Everyday breakfast is brought to your outdoor kitchen table every morning. This was a real treat: a tray full of fruit and nuts from the farm, homemade breakfast cakes, toast, breads, homemade jams including: raspberry and fig, chocolate and fig and orange marmalade. And most days, quails eggs.
Some mornings Ursula would leave us a bowl of these delicious almond balls, made from the almonds grown on the farm, on our breakfast tray. We would often take with us for snacks on your drive to the beach.
For 20 Euros per person, Ursula, will cook you a three-course evening meal, including a bottle of the farm’s wine. We did this twice during our stay which was such a treat. For Matthew’s birthday and then for our penultimate night. The meal started with a large anti-pasti spread, included truffled pasta, and a main of breaded giant wild mushrooms with green beans, hassle back potatoes. We had room for pears cooked in red wine, sour cherries (made on the farm) and topped with a boozy chocolate sauce.
Things to do at the Trullo
Cycling: The trullo has two bicycles for you to use and one has a child’s seat. Although we only went out on bike rides twice in the end (we didn’t realise how many amazing things and beaches, there were to do and see in the area) we loved exploring the local village via bike.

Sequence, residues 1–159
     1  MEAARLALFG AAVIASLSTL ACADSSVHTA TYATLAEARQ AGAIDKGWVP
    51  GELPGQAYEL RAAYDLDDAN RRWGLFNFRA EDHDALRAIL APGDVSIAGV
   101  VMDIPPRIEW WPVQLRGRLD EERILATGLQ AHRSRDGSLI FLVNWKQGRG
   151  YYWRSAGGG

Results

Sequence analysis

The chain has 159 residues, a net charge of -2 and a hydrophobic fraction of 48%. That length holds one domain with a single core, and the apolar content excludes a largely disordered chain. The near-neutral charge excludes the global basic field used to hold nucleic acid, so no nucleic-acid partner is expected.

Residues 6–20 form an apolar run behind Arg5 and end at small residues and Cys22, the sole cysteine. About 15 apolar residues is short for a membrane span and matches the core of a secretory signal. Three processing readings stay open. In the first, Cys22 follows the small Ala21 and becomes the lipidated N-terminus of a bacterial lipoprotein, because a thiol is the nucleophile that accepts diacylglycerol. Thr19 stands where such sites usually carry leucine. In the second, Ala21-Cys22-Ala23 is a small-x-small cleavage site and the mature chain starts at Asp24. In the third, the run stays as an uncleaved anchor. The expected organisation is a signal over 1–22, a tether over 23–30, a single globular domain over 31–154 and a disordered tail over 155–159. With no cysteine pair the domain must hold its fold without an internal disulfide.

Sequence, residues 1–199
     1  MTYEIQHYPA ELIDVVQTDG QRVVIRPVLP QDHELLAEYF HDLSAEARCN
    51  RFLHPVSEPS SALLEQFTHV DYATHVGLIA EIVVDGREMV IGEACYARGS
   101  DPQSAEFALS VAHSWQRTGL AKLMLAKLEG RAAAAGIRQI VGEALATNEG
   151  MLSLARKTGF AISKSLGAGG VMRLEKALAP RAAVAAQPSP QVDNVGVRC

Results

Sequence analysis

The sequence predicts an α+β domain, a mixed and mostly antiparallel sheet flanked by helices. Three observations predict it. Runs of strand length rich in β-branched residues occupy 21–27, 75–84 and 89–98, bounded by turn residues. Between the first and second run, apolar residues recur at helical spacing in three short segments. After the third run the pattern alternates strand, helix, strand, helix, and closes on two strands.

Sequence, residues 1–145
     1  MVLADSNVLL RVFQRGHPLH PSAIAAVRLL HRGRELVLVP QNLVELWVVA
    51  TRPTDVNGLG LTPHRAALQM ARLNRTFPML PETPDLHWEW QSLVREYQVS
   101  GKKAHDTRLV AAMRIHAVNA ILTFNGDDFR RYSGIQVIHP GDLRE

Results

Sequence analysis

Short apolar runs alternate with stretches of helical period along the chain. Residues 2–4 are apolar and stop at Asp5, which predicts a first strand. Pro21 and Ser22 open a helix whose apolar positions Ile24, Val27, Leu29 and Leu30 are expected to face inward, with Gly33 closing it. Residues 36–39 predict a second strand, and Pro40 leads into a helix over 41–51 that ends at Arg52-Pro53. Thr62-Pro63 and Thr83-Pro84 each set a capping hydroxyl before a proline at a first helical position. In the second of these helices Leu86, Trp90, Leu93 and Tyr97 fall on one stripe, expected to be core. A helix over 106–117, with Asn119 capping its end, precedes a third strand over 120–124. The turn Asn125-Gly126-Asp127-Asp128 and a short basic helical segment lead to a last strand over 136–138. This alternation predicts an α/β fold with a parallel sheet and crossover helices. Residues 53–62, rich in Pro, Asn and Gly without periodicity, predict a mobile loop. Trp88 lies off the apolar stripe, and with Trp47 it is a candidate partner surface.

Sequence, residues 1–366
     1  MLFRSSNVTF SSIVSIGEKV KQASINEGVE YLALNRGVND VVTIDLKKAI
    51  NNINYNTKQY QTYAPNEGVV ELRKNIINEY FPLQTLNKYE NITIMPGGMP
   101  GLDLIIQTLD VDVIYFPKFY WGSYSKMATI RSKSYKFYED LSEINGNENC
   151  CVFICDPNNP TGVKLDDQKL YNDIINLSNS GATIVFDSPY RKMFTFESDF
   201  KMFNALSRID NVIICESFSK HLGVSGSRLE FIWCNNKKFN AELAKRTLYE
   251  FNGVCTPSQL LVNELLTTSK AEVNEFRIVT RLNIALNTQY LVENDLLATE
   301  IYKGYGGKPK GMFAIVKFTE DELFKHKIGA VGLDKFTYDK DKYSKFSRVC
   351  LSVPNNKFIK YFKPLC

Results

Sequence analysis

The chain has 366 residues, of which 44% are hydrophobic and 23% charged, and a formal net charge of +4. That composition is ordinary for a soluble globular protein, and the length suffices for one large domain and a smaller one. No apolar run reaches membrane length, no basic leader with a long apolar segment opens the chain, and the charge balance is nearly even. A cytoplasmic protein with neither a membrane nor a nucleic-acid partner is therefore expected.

Learn about eco farming: Manoo and Ursula are always more than happy to tell you about what they grow, when they harvest and how they make their produce, from homemade flour for pasta and bread to wine, jam and pickle making. We were there during their wine harvest. Actually, a visit in early autumn is a wonderful time to go because the weather isn’t too blisteringly hot and the farm is busy harvesting its crops!
Games and Activities: There’s also a trampoline and a swimming pool in the warmer months and various games inside the Trullo for all ages and toys outside. There is of course lots of beautiful land to explore. Above all, I think the favourite pastime for our little girl was hanging out with the farm’s young cat, Frodo, pictured below.
Archery and Photography: For a small fee you can learn archery on the farm. You can also have a 1:1 session with Manoo, who is a world-famous photo journalist. Find him on Instagram @manoocherphoto
The closest airport is in Bari, which is around an hour and a half away by car. Taxis are impossibly expensive so the best way is to hire a car, which you will need to access all the sites.
This trullo is between Martina Franca and Cisternino, both 5km away (but on hills).
Otherwise, it is possible to travel via train from the airport:
From Bari airport there is a shuttle to Bari train station, and from there you can find trains to Martina Franca or other towns around.
Here is the link to the local train and bus lines: https://www.fseonline.it/ricerca.aspx.
Or there are taxi shuttle services, but they are not cheap, like this one: https://www.suntransfers.com/bari-airport-to-martina-franca
Trullo Cicerone “Bed and Wine”:
It costs around 100 euros for a one night stay in the Trullo and this includes, wine, bed and breakfast for two adults and up to two children.